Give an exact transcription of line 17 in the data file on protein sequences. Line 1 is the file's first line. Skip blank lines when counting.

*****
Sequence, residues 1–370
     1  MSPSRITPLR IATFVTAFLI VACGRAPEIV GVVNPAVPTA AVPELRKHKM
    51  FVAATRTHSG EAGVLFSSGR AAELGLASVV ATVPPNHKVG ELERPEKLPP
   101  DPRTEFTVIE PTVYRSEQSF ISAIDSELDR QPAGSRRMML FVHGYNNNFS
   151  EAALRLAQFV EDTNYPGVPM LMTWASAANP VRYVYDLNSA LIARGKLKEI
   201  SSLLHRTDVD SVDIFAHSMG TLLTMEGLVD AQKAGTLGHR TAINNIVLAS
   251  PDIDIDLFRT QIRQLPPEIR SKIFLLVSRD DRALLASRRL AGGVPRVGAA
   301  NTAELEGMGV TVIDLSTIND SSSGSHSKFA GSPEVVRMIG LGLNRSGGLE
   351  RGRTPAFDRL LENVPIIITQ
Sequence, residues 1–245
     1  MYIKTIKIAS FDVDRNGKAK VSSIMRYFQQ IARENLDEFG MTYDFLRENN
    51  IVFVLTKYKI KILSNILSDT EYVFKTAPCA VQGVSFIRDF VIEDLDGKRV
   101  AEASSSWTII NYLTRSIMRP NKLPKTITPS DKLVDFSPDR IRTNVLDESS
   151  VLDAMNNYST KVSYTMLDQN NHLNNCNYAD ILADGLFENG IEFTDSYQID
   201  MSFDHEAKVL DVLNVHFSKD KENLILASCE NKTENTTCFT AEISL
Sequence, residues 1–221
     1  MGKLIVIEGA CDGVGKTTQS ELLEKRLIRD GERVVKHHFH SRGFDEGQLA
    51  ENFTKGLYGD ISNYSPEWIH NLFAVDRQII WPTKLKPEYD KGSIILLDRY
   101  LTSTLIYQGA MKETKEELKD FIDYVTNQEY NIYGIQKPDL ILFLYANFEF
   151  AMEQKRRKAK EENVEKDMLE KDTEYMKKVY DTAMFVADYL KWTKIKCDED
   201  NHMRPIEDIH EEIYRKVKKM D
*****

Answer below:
     1  MGKLIVIEGA CDGVGKTTQS ELLEKRLIRD GERVVKHHFH SRGFDEGQLA